Do banks really monitor? evidence from CEO succession decisions

Research output: Contribution to conferencePaper

Abstract

We demonstrate that banks play an important monitoring role in CEO succession that is not observed for other types of lenders, particularly public bondholders. There is a stronger relation between cash flow performance and forced CEO turnover for firms issuing bank debt during the year of CEO turnover than for firms not issuing bank debt, and bank debt issuance increases the likelihood of external CEO succession. The stock price reaction to CEO succession is higher when bank monitoring is prevalent. Our results are consistent with theories of relationship banking that propose a valuable monitoring role for well informed, incentivized bank lenders.

Conference

ConferenceFinancial Engineering and Banking Society
CountryUnited Kingdom
CityLondon
Period7/06/128/06/12

Fingerprint

CEO succession
Bank debt
CEO turnover
Monitoring
Bondholders
Relationship banking
Cash flow
Bank monitoring
Stock price reaction

Keywords

  • bank debt
  • external succession
  • lender monitoring
  • CEO succession

Cite this

Marshall, A., McColgan, P., & McCann, L. (2012). Do banks really monitor? evidence from CEO succession decisions. Paper presented at Financial Engineering and Banking Society, London, United Kingdom.
Marshall, Andrew ; McColgan, Patrick ; McCann, Laura. / Do banks really monitor? evidence from CEO succession decisions. Paper presented at Financial Engineering and Banking Society, London, United Kingdom.
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abstract = "We demonstrate that banks play an important monitoring role in CEO succession that is not observed for other types of lenders, particularly public bondholders. There is a stronger relation between cash flow performance and forced CEO turnover for firms issuing bank debt during the year of CEO turnover than for firms not issuing bank debt, and bank debt issuance increases the likelihood of external CEO succession. The stock price reaction to CEO succession is higher when bank monitoring is prevalent. Our results are consistent with theories of relationship banking that propose a valuable monitoring role for well informed, incentivized bank lenders.",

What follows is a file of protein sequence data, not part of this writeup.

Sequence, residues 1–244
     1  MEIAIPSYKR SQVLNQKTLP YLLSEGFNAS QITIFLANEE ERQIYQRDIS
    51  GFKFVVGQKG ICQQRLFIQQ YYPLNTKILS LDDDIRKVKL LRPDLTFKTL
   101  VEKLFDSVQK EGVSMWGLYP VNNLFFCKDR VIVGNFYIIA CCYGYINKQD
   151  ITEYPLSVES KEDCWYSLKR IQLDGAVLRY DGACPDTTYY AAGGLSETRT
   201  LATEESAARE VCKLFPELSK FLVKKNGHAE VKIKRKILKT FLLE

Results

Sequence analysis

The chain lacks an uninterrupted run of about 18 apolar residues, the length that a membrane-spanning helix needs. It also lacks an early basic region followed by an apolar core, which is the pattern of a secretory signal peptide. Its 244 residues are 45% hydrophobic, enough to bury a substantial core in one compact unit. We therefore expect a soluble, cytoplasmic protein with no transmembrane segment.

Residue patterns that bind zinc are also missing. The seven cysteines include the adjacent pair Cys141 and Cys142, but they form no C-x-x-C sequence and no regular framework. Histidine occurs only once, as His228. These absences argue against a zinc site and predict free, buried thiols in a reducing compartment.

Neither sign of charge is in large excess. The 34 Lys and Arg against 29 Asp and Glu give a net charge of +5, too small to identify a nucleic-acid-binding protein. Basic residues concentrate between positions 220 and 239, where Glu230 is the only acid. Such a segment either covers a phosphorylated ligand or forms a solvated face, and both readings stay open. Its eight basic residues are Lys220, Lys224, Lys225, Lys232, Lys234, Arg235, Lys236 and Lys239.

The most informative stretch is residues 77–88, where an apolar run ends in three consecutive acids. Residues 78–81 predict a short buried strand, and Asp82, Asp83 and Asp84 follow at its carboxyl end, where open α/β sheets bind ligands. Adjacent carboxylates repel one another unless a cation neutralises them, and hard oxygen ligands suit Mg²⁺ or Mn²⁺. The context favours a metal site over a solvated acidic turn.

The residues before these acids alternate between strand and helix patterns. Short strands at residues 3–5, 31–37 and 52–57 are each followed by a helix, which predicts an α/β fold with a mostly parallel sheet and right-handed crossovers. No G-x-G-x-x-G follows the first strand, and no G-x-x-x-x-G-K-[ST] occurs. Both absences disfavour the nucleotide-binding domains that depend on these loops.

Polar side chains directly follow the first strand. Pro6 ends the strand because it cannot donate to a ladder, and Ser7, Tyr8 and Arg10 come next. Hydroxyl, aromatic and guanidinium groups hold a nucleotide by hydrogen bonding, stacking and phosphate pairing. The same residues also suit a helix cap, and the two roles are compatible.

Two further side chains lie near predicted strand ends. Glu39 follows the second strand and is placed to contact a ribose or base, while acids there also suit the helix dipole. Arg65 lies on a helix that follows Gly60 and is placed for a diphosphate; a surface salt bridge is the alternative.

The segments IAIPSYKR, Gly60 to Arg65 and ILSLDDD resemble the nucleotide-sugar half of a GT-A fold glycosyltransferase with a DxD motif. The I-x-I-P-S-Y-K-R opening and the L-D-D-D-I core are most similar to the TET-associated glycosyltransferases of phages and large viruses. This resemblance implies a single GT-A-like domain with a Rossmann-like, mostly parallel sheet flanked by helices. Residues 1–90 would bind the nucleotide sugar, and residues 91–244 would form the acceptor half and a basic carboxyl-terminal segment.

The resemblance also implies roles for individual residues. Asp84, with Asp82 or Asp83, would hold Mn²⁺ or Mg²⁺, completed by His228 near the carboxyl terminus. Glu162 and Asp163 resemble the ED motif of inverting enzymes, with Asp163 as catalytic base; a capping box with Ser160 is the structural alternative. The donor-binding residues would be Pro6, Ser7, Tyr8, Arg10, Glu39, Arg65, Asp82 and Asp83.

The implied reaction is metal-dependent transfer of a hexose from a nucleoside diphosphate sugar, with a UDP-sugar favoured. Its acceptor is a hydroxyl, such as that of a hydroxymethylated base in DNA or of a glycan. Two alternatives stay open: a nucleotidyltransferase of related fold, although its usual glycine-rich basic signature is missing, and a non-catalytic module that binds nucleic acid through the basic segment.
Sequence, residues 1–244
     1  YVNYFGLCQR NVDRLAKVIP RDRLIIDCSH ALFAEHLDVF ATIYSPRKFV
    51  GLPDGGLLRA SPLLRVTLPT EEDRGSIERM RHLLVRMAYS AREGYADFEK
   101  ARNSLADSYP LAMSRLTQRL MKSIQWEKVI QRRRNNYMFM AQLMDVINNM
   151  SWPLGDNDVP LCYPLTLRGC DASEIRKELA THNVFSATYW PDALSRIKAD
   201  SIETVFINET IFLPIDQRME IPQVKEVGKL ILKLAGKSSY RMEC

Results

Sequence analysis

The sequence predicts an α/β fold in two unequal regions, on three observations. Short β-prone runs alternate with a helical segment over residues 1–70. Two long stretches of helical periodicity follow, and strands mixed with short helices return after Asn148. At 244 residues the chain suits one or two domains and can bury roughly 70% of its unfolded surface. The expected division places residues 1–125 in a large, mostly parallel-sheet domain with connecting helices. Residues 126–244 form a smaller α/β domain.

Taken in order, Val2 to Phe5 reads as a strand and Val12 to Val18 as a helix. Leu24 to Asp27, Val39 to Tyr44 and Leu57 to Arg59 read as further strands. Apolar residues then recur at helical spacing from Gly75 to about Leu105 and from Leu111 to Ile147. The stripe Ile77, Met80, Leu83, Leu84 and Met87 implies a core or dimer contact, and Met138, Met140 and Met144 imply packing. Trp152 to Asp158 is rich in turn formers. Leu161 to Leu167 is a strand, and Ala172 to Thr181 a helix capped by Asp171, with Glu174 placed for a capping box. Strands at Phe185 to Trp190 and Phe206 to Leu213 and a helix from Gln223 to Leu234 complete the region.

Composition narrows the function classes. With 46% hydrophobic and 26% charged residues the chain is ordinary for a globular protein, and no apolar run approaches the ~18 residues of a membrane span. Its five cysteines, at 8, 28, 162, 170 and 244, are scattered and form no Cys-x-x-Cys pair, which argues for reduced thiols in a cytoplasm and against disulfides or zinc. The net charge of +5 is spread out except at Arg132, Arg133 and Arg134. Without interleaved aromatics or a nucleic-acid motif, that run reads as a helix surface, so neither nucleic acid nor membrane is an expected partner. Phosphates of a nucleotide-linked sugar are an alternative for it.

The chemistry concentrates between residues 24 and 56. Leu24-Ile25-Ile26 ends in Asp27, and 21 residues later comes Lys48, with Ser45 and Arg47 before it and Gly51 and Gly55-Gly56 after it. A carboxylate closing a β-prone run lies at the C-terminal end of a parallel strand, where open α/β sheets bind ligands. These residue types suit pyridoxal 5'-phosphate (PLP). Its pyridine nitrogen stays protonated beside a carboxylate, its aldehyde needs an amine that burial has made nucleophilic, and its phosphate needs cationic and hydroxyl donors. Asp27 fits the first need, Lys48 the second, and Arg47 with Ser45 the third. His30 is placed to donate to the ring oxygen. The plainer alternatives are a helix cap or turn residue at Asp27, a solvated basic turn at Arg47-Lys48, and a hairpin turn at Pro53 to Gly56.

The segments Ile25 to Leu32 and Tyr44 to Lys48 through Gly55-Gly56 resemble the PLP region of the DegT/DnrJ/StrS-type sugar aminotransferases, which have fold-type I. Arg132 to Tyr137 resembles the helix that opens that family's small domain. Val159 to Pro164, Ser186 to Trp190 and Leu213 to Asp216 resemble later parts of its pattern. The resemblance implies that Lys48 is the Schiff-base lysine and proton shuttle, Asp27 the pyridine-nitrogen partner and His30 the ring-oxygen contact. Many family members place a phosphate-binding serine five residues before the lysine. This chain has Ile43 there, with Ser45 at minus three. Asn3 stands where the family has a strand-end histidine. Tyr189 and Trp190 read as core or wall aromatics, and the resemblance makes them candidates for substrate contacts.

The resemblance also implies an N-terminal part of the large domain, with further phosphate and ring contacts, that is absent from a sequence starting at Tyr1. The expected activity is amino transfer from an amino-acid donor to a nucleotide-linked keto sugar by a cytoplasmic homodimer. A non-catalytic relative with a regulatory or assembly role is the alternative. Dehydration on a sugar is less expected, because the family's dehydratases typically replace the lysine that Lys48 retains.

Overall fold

keywords = "bank debt, external succession, lender monitoring, CEO succession",
author = "Andrew Marshall and Patrick McColgan and Laura McCann",
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note = "Financial Engineering and Banking Society ; Conference date: 07-06-2012 Through 08-06-2012",

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Marshall, A, McColgan, P & McCann, L 2012, 'Do banks really monitor? evidence from CEO succession decisions' Paper presented at Financial Engineering and Banking Society, London, United Kingdom, 7/06/12 - 8/06/12, .

Do banks really monitor? evidence from CEO succession decisions. / Marshall, Andrew; McColgan, Patrick; McCann, Laura.

2012. Paper presented at Financial Engineering and Banking Society, London, United Kingdom.

Research output: Contribution to conferencePaper

TY - CONF

T1 - Do banks really monitor? evidence from CEO succession decisions

AU - Marshall, Andrew

AU - McColgan, Patrick

AU - McCann, Laura

PY - 2012

Y1 - 2012

N2 - We demonstrate that banks play an important monitoring role in CEO succession that is not observed for other types of lenders, particularly public bondholders. There is a stronger relation between cash flow performance and forced CEO turnover for firms issuing bank debt during the year of CEO turnover than for firms not issuing bank debt, and bank debt issuance increases the likelihood of external CEO succession. The stock price reaction to CEO succession is higher when bank monitoring is prevalent. Our results are consistent with theories of relationship banking that propose a valuable monitoring role for well informed, incentivized bank lenders.

AB - We demonstrate that banks play an important monitoring role in CEO succession that is not observed for other types of lenders, particularly public bondholders. There is a stronger relation between cash flow performance and forced CEO turnover for firms issuing bank debt during the year of CEO turnover than for firms not issuing bank debt, and bank debt issuance increases the likelihood of external CEO succession. The stock price reaction to CEO succession is higher when bank monitoring is prevalent. Our results are consistent with theories of relationship banking that propose a valuable monitoring role for well informed, incentivized bank lenders.

KW - bank debt

KW - external succession

KW - lender monitoring

KW - CEO succession

M3 - Paper

ER -

Marshall A, McColgan P, McCann L. Do banks really monitor? evidence from CEO succession decisions. 2012. Paper presented at Financial Engineering and Banking Society, London, United Kingdom.